The historic Villa Rockledge is up for auction.
Bidding for the oceanfront estate will start at $10.5 million, considerably less than the $25 million asking price earlier this year. The winning bidder will be required to produce a check for an un-refundable 10% of the bid when the hammer falls, according to owner Roger Jones.
"It's a wrench to sell it," Jones said on Wednesday. "But it is time."
Jones has owned the estate for almost 40 years. He was 33 years old when he bought it in 1973 for $420,000 from the late Dick Matson.
"It scared the hell out of me," Jones said. "But in those days, the rent carried it."
In today's economy, you would not be able to come close to building the house, let alone buy it for the price he paid.
"And you'd never get Coastal Commission approval," Jones said. "It is built right on the bluff."
Jones doesn't plan to revisit Villa Rockledge after it is sold. He said he couldn't bear it if radical changes were made.
Villa Rockledge is listed on the National Register of Historic Places and is rated as E for Exceptional by Laguna Beach. Owners qualify for substantial reductions in their property taxes under the California Mills Act, as long as they don't make major changes in the buildings.
The main 5,000-square-foot house has five bedrooms and five baths. There are also six villas, one of which Jones rented for five years before he bought the property, and parking for 12 cars on the 30,000-square-foot bluff-top parcel.
Auction publicist Mike Hoye claims the house is the oldest, oceanfront home in Laguna and one of the only properties in Laguna Beach with access to a private beach — 120 feet of beach just below the cliff-top dwelling.
Jones said he will miss the views.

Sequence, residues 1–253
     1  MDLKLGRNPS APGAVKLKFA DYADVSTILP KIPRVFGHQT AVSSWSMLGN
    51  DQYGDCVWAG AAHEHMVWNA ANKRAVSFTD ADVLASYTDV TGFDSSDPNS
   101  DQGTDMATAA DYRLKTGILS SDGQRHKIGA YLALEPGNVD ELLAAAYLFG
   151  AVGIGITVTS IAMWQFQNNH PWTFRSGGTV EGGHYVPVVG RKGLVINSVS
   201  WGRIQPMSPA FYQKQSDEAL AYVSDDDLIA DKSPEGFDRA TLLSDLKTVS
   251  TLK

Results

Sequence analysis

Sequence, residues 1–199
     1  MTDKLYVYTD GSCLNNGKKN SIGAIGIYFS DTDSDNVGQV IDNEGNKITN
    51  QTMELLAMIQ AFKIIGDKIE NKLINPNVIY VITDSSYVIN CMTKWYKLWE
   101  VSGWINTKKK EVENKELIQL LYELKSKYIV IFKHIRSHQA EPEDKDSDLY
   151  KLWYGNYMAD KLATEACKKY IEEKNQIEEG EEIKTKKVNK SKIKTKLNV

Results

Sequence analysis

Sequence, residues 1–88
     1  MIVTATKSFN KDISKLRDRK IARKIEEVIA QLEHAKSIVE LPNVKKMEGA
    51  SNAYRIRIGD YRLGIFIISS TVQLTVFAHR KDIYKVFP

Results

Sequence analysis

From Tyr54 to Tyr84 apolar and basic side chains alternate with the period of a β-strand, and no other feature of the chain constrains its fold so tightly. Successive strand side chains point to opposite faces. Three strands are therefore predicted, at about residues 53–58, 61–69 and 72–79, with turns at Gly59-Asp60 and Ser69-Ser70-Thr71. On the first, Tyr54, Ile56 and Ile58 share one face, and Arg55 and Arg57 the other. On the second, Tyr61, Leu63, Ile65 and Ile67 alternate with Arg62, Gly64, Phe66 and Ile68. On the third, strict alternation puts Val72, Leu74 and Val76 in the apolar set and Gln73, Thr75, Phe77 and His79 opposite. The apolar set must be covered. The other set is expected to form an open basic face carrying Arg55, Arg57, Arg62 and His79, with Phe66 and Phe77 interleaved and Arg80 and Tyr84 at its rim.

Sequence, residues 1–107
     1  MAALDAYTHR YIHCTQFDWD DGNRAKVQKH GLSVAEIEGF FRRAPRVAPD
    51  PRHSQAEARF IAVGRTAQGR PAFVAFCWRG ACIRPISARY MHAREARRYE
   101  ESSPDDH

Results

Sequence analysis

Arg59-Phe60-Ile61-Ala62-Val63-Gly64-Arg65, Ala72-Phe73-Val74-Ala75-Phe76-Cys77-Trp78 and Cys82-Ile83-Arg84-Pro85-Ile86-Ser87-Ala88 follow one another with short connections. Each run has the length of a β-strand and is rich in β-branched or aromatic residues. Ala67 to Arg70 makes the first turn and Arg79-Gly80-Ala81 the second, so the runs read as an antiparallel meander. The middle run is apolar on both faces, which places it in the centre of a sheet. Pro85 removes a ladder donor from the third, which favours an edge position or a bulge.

Villa Rockledge started in 1918 as a summer home for Frank Miller, who also built the Mission Inn in Riverside. The Laguna Beach Historical Society's history of the property states that Miller named the Laguna property Mariona, for his wife.
Jones documented the property's past in his book, "The History of Villa Rockledge."
"It took me 17 years to write it," Jones said.
Jones and his wife, Sherill Bottjer, plan to stay in Laguna, but in smaller quarters. That means finding a place for all the collectibles, the furniture and Jones' beloved books amassed in the 40 years he has owned Villa Rockledge.
He swears that this time the sale will go through, unlike 2009. The house was on the market in May of that year for just under $35 million.
At the time, he said he was getting too old for a house of the size of Rockledge. Besides, he wanted capital to finance a film of a book by the late Laguna News Post publisher John Weld.
However, at the last minute Jones decided not to sell.
"But this time it is for real," Jones said. "And the book is one of my main projects if we get over this."
There has been considerable interest in the property.
Chris Spencer, operator of Spencer Recovery Centers Inc., has visited the property three times, Jones said.
Prospective bidders may tour the property by appointment. They must pre-register and submit a $100,000 cashier's check to show good faith, refundable if the bidder pulls out, Jones said. People bidding in person, may bring their check on the day of the auction, Dec. 15.
For more information, visit premiereestates.com.